Installing solar panels is what SolarCity does best, but it's having a harder time than expected making them. Image: SolarCity.

Making solar panels is hard. Making solar panels profitably is even harder, especially if you're not using off the shelf technology. Just ask Suntech Power, LDK Solar, Q-Cells, Solyndra, or any of the dozens of solar panel manufacturers that have gone bankrupt just how hard it is to make a dime building solar panels.

That's why when SolarCity (SCTY.DL) bought Silevo in 2014 many questioned the move, along with the $200+ million price tag for a company without a track record or a major production facility. Nearly two years after Silevo became part of the SolarCity family it may have become a headache SolarCity wishes it hadn't taken on.

Elon Musk's big promise gone wrong... again
When SolarCity bought Silevo it was supposed to be a big step forward for the company. The "simple, proprietary manufacturing process" could make solar cells that were 21% efficient, and projections were that 24% efficient cells were on the horizon (compared to 17%-18% for commodity panels). 

In June 2014, Elon Musk said a 1 GW production facility would be up and running "within the next two years." If all went according to plan there could be many more GW scale production facilities built to meet the company's growing demand for solar panels. After manufacturing delays at the first plant and reductions in growth plans for SolarCity's core business, I don't think there's much appetite to build another Gigafactory. 

During Tuesday's earnings conference call, management admitted that building equipment for the facility was taking far longer than they expected. Some equipment won't be ready until Q2 or Q3 2017, making it unlikely SolarCity will be building solar panels at scale until sometime in 2018.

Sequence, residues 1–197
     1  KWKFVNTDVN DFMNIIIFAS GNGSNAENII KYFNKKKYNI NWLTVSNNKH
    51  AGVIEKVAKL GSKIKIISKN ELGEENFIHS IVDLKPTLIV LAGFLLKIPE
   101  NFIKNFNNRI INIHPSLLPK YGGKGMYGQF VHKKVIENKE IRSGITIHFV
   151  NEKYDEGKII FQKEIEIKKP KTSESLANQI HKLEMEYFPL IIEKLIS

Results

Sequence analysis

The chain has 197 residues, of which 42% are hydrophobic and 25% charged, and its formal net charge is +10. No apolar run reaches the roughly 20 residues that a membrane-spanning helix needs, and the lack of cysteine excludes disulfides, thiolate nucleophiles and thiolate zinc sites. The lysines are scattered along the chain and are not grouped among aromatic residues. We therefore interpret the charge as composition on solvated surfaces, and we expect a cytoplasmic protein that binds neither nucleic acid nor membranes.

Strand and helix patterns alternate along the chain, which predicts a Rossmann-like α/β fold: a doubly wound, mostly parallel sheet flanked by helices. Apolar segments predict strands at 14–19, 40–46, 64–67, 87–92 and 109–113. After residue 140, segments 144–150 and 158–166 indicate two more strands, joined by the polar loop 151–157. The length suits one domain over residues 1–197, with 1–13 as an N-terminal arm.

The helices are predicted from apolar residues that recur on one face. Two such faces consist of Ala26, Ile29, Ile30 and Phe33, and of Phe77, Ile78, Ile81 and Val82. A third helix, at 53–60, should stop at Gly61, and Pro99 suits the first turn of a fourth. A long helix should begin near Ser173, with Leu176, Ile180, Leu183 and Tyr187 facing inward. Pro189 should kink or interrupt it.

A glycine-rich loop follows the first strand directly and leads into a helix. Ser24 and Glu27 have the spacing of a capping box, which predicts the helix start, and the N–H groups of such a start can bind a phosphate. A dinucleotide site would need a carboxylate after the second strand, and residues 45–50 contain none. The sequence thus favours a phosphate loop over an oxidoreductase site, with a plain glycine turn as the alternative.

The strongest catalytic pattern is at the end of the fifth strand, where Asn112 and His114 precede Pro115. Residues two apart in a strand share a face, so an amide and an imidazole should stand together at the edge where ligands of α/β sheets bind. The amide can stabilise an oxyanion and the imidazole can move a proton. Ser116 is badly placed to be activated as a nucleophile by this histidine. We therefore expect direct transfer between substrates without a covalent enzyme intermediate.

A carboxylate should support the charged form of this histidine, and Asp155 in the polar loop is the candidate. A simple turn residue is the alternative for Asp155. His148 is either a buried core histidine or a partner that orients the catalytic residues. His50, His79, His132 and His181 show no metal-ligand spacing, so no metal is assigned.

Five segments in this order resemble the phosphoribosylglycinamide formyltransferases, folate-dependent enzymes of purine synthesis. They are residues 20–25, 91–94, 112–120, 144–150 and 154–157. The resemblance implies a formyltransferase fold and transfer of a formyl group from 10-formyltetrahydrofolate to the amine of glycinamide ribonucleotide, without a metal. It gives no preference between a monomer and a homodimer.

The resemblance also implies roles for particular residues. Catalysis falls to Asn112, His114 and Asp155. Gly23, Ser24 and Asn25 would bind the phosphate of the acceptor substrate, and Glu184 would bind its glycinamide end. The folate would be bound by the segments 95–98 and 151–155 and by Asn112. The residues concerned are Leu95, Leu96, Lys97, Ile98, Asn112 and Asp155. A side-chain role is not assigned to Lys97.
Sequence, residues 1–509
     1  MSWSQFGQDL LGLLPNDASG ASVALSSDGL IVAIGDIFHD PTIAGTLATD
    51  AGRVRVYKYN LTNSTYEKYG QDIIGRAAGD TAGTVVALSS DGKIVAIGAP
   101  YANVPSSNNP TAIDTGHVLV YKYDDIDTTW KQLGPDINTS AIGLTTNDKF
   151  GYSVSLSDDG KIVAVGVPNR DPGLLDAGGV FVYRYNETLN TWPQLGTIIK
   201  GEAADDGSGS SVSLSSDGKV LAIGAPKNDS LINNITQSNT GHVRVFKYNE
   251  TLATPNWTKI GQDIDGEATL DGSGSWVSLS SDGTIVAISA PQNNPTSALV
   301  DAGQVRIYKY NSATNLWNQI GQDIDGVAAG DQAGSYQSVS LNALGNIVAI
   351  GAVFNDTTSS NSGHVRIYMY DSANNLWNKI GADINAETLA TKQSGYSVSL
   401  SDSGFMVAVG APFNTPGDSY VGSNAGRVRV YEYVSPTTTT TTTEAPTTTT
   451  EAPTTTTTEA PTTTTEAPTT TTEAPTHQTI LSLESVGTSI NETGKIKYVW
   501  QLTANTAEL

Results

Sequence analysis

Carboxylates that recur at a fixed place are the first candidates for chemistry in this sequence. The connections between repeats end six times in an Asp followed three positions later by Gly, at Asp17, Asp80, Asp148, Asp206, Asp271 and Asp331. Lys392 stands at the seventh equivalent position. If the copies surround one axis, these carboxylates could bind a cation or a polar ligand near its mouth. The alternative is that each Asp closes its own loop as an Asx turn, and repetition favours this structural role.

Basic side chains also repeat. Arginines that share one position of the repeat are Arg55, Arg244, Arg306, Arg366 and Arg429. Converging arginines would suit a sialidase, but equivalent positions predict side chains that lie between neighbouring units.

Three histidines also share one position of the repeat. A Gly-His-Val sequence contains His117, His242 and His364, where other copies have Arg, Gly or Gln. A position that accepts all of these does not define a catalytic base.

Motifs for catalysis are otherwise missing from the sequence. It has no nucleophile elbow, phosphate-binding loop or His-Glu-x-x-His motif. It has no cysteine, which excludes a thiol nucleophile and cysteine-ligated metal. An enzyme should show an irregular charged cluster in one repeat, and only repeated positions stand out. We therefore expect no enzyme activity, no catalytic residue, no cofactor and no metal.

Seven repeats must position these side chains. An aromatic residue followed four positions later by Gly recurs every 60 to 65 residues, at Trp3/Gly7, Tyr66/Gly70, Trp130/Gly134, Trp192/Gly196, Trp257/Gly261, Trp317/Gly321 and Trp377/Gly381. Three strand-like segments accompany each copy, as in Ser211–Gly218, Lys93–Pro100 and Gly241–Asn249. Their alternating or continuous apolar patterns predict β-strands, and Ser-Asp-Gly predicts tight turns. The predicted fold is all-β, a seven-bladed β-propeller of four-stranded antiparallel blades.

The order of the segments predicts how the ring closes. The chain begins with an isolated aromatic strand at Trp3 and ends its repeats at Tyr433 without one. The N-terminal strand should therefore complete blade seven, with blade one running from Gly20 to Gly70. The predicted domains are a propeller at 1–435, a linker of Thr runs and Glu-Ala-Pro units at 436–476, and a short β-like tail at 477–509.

Efficiency gains are being delayed
The big driver of SolarCity's desire to acquire Silevo stemmed from the increased efficiency it provided. You can see below that a rooftop solar system with more efficient panels can reduce the number of panels installed on each house. It could also increase the system size on a roof with the same number of panels.

Image: SolarCity.

The announcement that SolarCity had hit a "world record" efficiency of 22.04% in October was met with cheers considering the production coming down the pipeline. But those panels may not reach mass production for two years, and that means more competitors will have time to catch up or pass SolarCity in the meantime. SunPower (SPWR -1.02%) announced only a month after SolarCity's record announcement that it was already mass producing panels that were 22% efficient. As it puts the finishing touches on a new production facility, it will soon pass 23% efficiency. 

The big question for SolarCity
We think we know that SolarCity can build a solar panel that's as efficient as SunPower's and those of other industry leaders, even if the product is behind schedule. What we don't know is whether or not it's cost effective versus the competition. And that's a more important question than a percentage point or two of efficiency.

SunPower has been building solar cells for decades, and has painstakingly cut costs in the last few years alone to remain competitive with Chinese solar manufacturers. SolarCity has no experience making solar panels, is already delayed in its first manufacturing facility, and doesn't know its true manufacturing costs.

The good news is that the State of New York is subsidizing the facility to the tune of $750 million and leasing the facility to SolarCity for $1. Even with the free facility and the increased efficiency that's coming down the pipeline, building its own solar panels may be something SolarCity wishes it hadn't taken on at the end of the day.